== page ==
Wednesday, January 29, 2014

Review: Invasion of the Body Snatchers (1978)

Having recently watched all four cinematic adaptations of this classic 1955 serial by Jack Finney, I have to declare this one to be the very best for a number of reasons. Obviously with actors like Donald Sutherland, Jeff Goldblum, Veronica Cartwright, and Leonard Nimoy, the cast is spot on, but what really impressed me is the way something creepy is always happening in the background. Normally, the first act would be reserved for a lot of setup that could be potentially boring or just not as engaging as when our heroes are literally running for their lives. It's different here though especially if you're familiar at all with this infamous story since they keep ratcheting up the tension even from the very beginning when a teacher nonchalantly instructs her children to take the pod flowers back to their parents (not to mention, there's also the eerie excellent credit sequence on a distant planet with the alien seeds spreading). When our main characters witness a crowd of people relentlessly chasing a man down the street, they naturally reason, "He must have done something," despite the chilling odd nature of the scene and for those in the audience who know this tale, the horrifying reality behind these seemingly mundane events sinks in even deeper. We know soon our protagonists will be in the very same situation with their only crime being that they are in fact still human amongst a growing population of soulless pod people.

Of course, the special effects, greatly improved since the 1956 black-and-white version, really add a lot to this terrifying story particularly because you won't find a single drop of CGI. Everything here is practical. Done in-camera, and it gives every moment a visceral real quality that computers won't ever be able to touch. Plus, the actors have something physical to respond to so their performances never seem canned or glazed over. I'm not against CGI done well and in limited quantities for things you can't physically do, but I just have to admit I love practical. The opening space credit sequence without any CGI really puts a smile on my face, because I know, sadly, now that would be all computer-generated yet the clever ingenious way they did it back then still looks flawless today.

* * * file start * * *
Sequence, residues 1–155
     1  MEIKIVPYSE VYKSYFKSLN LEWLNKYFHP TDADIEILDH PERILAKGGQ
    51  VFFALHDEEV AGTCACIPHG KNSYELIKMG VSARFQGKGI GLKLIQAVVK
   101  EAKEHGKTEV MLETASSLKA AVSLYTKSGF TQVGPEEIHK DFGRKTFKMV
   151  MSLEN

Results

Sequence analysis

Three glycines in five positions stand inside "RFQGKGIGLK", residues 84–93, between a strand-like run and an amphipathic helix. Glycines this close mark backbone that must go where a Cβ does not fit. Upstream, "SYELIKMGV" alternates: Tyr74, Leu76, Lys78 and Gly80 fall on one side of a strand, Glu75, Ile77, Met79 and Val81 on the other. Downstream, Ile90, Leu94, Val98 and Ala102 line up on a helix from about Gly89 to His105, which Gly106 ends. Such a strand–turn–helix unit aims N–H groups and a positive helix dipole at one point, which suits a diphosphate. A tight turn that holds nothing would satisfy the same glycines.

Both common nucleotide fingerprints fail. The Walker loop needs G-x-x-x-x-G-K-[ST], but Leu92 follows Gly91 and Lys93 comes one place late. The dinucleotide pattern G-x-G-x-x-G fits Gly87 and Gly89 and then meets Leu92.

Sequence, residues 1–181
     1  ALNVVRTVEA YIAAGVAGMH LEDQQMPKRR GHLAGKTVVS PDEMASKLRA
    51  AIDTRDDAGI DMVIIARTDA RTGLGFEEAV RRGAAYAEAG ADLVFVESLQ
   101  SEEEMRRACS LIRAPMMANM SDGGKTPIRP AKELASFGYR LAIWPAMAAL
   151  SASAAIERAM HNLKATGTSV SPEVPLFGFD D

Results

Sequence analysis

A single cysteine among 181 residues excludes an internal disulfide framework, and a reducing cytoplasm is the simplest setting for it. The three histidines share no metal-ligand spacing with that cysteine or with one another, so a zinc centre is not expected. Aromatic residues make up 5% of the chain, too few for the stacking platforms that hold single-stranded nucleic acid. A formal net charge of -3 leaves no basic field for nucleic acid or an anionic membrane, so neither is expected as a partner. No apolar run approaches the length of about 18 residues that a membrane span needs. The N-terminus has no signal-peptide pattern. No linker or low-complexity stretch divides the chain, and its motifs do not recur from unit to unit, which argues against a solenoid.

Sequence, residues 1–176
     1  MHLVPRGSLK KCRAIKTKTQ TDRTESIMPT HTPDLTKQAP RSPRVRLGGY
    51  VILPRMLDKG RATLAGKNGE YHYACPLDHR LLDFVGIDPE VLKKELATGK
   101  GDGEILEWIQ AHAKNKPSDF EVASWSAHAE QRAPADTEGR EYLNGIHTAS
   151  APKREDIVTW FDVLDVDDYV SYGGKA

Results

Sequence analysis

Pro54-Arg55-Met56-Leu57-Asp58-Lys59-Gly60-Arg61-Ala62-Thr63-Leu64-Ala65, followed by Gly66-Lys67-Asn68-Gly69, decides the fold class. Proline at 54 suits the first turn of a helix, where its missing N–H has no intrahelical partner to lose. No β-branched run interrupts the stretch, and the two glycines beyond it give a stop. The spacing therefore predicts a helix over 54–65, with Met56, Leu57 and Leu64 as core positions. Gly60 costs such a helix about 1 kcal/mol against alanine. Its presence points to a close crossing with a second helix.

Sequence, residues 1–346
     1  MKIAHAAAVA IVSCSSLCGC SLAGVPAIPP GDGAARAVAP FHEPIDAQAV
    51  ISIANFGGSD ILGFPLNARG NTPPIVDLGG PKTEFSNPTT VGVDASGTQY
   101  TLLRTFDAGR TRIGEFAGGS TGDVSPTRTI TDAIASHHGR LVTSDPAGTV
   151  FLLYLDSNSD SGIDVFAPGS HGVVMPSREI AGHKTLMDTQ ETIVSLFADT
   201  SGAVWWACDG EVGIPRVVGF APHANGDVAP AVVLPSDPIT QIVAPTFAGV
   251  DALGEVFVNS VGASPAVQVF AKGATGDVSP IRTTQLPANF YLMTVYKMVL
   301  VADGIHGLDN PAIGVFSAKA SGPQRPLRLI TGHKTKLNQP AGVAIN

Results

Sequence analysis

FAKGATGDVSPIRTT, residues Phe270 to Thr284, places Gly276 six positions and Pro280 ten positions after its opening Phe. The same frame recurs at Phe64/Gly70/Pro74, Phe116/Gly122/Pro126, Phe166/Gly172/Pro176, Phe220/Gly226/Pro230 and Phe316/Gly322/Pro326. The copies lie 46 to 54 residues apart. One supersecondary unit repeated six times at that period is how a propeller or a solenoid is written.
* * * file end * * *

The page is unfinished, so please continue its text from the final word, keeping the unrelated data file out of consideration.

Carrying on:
I can easily see why this story has been remade so many times. It's just creepy with two brilliant unnerving concepts at its heart: they get you when you sleep (and we all have to sleep) and my husband is not my husband; my wife is not my wife; my child is not my child; they look the same but we know they're not and no one will believe us. That screams pure horror, but aside from the weird bit with a homeless guy's head on his dog (I guess to show errors do occur and to play up the strange grotesque side a bit more though I think it's a little goofy), any future attempts to top this version are pretty futile. I do like the 90s remake; however, it still pales in comparison to this adaptation, and the most recent one ranks the lowest by far, ensuring it'll probably be a long time before anybody else tries again. If you missed this film even if you've watched the other remakes, you got to see this. It's truly a masterpiece.
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